Thoughts on the Future of Petroleum
Average Rating: ( 0 votes)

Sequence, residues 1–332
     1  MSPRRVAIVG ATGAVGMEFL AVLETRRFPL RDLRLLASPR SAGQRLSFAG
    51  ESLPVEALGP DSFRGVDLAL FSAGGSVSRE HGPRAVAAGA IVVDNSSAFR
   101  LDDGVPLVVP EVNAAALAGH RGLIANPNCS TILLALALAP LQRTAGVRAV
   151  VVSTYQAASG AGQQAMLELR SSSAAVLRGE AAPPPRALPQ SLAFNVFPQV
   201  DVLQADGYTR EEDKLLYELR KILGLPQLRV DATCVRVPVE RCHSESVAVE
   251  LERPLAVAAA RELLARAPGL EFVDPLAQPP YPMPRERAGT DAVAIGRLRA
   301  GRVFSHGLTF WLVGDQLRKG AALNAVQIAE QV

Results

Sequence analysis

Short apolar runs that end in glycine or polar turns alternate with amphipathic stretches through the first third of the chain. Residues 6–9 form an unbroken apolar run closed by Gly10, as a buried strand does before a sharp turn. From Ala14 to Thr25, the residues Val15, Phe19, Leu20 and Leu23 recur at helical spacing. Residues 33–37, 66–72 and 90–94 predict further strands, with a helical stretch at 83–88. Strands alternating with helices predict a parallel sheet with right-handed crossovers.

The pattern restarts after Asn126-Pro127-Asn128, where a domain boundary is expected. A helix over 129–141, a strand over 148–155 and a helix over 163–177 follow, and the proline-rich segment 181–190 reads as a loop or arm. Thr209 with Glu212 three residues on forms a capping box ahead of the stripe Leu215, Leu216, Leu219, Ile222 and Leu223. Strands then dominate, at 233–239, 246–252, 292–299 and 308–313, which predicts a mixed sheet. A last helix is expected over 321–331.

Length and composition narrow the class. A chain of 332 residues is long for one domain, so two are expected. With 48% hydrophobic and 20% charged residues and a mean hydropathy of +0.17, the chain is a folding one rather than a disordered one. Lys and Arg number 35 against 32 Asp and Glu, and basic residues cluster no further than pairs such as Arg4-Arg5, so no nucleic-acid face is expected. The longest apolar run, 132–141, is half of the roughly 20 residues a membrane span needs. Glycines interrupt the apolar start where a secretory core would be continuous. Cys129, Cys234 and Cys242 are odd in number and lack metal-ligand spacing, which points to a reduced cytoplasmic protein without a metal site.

Significant price fluctuation has been the rule with crude oil and gasoline for the past several years. As the economy picks up, many experts predict higher oil prices during 2011. Graph: Wall Street Cheat Sheet. Click on image to enlarge. It's fi... Of all of the oil extracted since the dawn of the petroleum age (going back to 1859-- see last week's blog ), 92% of that oil has been extracted since 1955. A remarkable 51% of the world's cumulative oil extraction has occurred just since my older daughter was born in 1986. Put another way, over half of the oil extracted from the earth and consumed by humans has happened in just the past 25 years--a mere heartbeat in geologic time--and all that stored carbon has been converted into the greenhouse gas carbon dioxide. So what's ahead for petroleum? Are we running out? Has "peak oil" been reached, marking the point at which petroleum production reaches a maximum and begins an inexorable decline? Will we soon be paying $5 or even $10 per gallon for gasoline at the pump? Where are we heading and how should we plan for it? Unfortunately, no one really knows the answers to these questions--though the blogosphere is full of opinion on it. I too have opinions, which I'll share here. Are we running out of oil? The short answer is "no." There is still a great deal of oil that can be extracted, and mammoth new discoveries deep under the Gulf of Mexico and off the coast of Brazil are adding to known reserves. However, we may be running out of "cheap oil." The really easy-to-extract, inexpensive oil is in short supply. It is this cheap oil that fueled the petroleum age and our car-dependent development patterns. Oil supply, demand, and pricing are driven by a complex interplay of different forces. As easy-to-extract oil reserves are depleted, we have to turn to deeper wells that are more expensive to operate (and carry greater environmental risk). But oil can only be profitably extracted from these sources when the price of oil is high enough to justify the cost of production. Oil prices are determined, to a significant extent, by demand. When demand is high, relative to available supply, the price goes up. But as the price goes up, consumers figure out ways to use less: we drive fewer miles; we trade in our SUVs for hybrid cars; we turn down our thermostats; and we insulate our houses. Those conservation measures, in turn, drive down demand, which reduces cost. As if all that isn't complicated enough, there are various layers of subsidies and taxes that also affect the economics of oil production and regulate demand. In smart countries, governments have levied significant taxes on petroleum products to artificially reduce consumption and spur energy conservation and the development of alternatives; this is why vehicles and buildings tend to be far more energy-efficient in Europe than in the U.S. There is also the troubling issue that much of the world's most accessible oil is in places that are either politically unstable or where the wellbeing of Americans isn't a top priority. Unanticipated political changes could significantly affect the oil price equation. So we're not running out of oil, but we are probably in for several decades of fairly wild price gyrations: rapid price increases followed by price collapses. Emerging economies, such as China and India, will have a tremendous influence on these gyrations. If those economies continue to expand, even if the U.S. remains in an economic slump, expect oil prices to rise significantly. If the U.S. economy recovers while China and India are booming, oil price increases could be dramatic--with crude oil even hitting $200 per barrel within the next five years (though such price increases would likely slow the economic recovery). We won't run out of oil, but if the price climbs significantly higher, it will become impractical to use it for low-grade needs like home heating--where energy conservation, passive-solar energy, natural gas, cordwood, and wood pellets can provide cheaper alternatives. Increasingly, I expect to see electricity used for home heating (via heat pumps) and transportation (via plug-in hybrids)--which opens up the question of how we will be producing that electricity. But that's the subject of another column. In addition to this Energy Solutions blog, Alex contributes to the weekly blog BuildingGreen's Product of the Week , which profiles an interesting new green building product each week. You can sign up to receive notices of these blogs by e-mail--enter your e-mail address in the upper right corner of any blog page. Alex is founder of BuildingGreen, Inc. and executive editor of Environmental Building News . To keep up with his latest articles and musings, you can sign up for his Twitter feed .